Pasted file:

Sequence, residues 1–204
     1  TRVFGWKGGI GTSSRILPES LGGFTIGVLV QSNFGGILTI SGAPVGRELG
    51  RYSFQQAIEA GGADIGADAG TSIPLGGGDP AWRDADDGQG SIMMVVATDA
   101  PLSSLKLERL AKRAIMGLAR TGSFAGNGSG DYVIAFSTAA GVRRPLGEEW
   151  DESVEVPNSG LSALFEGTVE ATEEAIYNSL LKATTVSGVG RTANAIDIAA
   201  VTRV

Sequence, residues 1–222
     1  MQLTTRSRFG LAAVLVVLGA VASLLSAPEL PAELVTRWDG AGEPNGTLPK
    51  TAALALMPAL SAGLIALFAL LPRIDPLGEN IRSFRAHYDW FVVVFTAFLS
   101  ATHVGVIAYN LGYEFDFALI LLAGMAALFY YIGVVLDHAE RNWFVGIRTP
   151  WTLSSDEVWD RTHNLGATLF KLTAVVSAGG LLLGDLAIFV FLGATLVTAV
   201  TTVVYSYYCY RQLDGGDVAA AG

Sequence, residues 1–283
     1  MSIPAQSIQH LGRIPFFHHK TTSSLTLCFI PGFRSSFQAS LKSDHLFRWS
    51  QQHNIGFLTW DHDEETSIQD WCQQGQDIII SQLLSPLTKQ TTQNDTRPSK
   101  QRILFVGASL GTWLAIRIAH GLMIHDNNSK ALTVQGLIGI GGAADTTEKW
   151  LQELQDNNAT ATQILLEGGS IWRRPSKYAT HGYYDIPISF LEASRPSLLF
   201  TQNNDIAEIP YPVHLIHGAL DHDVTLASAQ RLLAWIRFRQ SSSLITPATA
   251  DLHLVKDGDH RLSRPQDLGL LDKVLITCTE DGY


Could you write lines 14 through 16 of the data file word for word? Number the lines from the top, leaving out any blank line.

     1  MSIPAQSIQH LGRIPFFHHK TTSSLTLCFI PGFRSSFQAS LKSDHLFRWS
    51  QQHNIGFLTW DHDEETSIQD WCQQGQDIII SQLLSPLTKQ TTQNDTRPSK
   101  QRILFVGASL GTWLAIRIAH GLMIHDNNSK ALTVQGLIGI GGAADTTEKW